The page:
Then what’s left — in this case, the bones — are ground up for return to the family (the grinding process also takes place post-cremation).

Bester has two locations where he can do the process — at his main funeral home in Cleveland County and at a freestanding facility in Wilmington. Bester said he has received “huge” demand for the service, which costs $1,995 once a body arrives at either of his facilities.

“I’ve had families come far away from Florida, Alabama, Tennessee,” Bester said. “As far as Houston, Texas; there are providers that are closer to what would have been to them, but they wanted to come to us. If someone passed in, let’s say Virginia — we get a lot of families from Virginia — they will be in refrigeration until we have a death certificate and transit permits in place to bring them across state lines.”

Time to talk about it

The U.S. is rapidly aging. Right now, about 17% of the population is over the age of 65 and the U.S. Census projects that by 2030, one in five people — more than 73 million people — will be over the age of 65.

That’s a lot of people who will be dying, but many of them aren’t making plans ahead of time.

Fewer than half of hospice patients are in a program for more than 30 days. About a quarter of hospice patients are in a program for less than a week.

That’s not a lot of time to plan, noted Jane Dornemann, who is an end-of-life doula, someone who helps dying people and their families transition to death in a meaningful way. 

A crowd gathers to hear a presentation during a death expo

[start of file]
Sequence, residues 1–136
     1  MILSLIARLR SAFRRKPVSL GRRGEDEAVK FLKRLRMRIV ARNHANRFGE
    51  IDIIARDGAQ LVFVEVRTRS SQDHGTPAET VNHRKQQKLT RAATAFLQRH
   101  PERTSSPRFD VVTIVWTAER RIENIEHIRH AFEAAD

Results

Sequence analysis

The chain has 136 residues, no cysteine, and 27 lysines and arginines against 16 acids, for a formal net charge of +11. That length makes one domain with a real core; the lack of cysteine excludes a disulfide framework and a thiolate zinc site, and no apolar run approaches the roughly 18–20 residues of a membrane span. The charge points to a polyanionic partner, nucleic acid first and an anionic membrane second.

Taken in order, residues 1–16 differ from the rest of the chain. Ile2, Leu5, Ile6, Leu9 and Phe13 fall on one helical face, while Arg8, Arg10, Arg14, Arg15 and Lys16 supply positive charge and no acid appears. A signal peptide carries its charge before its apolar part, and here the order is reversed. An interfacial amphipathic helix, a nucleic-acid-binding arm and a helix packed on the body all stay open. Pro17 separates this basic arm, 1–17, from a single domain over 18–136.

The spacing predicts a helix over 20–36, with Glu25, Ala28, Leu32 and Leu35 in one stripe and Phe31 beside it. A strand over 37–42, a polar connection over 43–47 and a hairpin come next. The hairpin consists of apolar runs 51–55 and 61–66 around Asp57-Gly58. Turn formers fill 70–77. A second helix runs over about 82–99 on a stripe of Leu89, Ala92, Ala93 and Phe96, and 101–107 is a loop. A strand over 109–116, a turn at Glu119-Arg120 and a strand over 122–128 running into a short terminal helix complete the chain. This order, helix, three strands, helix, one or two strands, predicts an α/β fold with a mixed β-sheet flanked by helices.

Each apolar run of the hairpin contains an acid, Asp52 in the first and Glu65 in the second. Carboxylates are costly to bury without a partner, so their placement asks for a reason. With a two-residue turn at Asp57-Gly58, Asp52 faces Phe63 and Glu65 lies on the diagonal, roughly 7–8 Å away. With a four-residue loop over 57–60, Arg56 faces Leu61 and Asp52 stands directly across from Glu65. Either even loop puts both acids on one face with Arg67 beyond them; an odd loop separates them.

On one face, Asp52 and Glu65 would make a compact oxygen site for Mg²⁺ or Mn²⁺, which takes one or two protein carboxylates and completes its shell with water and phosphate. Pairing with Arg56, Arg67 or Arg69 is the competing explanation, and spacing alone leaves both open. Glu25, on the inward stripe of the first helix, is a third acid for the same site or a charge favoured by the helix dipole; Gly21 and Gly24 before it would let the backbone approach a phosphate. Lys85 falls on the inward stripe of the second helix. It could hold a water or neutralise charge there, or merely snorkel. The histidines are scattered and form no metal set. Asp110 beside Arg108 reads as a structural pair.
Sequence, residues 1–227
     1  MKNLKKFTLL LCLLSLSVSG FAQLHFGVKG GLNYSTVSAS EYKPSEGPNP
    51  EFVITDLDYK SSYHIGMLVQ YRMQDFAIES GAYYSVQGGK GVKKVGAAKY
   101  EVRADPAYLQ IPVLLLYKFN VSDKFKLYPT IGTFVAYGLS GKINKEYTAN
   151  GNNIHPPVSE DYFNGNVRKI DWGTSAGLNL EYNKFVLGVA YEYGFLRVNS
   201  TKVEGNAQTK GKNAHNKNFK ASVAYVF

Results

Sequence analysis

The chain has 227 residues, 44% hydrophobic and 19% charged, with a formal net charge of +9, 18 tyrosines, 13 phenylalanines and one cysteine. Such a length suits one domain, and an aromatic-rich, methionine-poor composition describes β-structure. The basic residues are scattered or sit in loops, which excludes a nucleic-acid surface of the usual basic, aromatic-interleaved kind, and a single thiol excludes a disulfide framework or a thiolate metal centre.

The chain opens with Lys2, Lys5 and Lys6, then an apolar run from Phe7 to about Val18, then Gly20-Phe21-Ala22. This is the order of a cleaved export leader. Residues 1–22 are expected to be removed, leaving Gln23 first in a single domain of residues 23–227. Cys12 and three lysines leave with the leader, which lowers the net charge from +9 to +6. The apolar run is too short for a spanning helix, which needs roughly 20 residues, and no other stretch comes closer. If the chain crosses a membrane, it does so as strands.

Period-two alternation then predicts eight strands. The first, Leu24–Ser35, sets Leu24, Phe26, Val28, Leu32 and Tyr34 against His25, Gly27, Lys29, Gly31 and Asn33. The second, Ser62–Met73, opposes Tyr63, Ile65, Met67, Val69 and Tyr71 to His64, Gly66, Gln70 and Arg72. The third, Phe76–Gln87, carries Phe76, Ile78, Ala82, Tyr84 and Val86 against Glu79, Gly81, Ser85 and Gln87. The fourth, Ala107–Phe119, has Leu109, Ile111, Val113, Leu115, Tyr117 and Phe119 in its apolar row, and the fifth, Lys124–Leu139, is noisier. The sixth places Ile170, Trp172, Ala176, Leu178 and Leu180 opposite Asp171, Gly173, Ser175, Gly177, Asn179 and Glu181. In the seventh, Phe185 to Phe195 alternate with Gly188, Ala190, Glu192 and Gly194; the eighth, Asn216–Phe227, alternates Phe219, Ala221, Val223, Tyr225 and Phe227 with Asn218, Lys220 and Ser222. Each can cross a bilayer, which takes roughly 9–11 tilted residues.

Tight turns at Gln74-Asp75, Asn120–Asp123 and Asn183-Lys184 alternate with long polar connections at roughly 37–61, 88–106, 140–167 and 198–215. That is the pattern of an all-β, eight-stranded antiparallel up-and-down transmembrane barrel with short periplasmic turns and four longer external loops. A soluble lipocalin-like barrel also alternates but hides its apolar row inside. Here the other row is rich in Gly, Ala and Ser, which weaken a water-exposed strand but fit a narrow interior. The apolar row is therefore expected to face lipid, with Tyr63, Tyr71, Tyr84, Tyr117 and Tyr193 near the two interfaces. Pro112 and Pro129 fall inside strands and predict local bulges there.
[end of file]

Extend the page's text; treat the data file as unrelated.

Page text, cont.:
An audience hears a presentation during a Death Expo on Oct. 15 at Elon University. (Photo by Rose Hoban)

“People are entering hospice too late and at that point, they simply do not have the energy to do something like a legacy project, nor do they have the time,” Dornemann told the gathering during a panel discussion with about a hundred people in the audience. 

“When the doula model first really started getting traction, the narrative was, we should be engaging patients at the hospice level,” Dornemann said. “I think that’s changing, I’m going to say we should be engaging them at the palliative care level because people are so afraid of hospice,” she said. 

Death doula work includes helping people prepare advanced directives, helping people think through the type of medical treatment they want at the end of life, how much medication they want, things they want their loved ones to know, along with their wishes for what happens to their remains.

They can also sit with people who are dying or help guide families on how to be present for their loved ones as their lives end.

“It’s just like hospice, it’s so good to get involved as early as you feel comfortable, while you have the energy and the intention and the capacity,” said Dana Brinson, another death doula, who encouraged people to make their plans years before they expect to die.

“Caregiving, and more, dying is a really intensive process, and you might not have the space to reflect and memorialize and plan,” Brinson concluded.

This article first appeared on North Carolina Health News and is republished here under a Creative Commons license. North Carolina Health News is an independent, non-partisan, not-for-profit, statewide news organization dedicated to covering all things health care in North Carolina.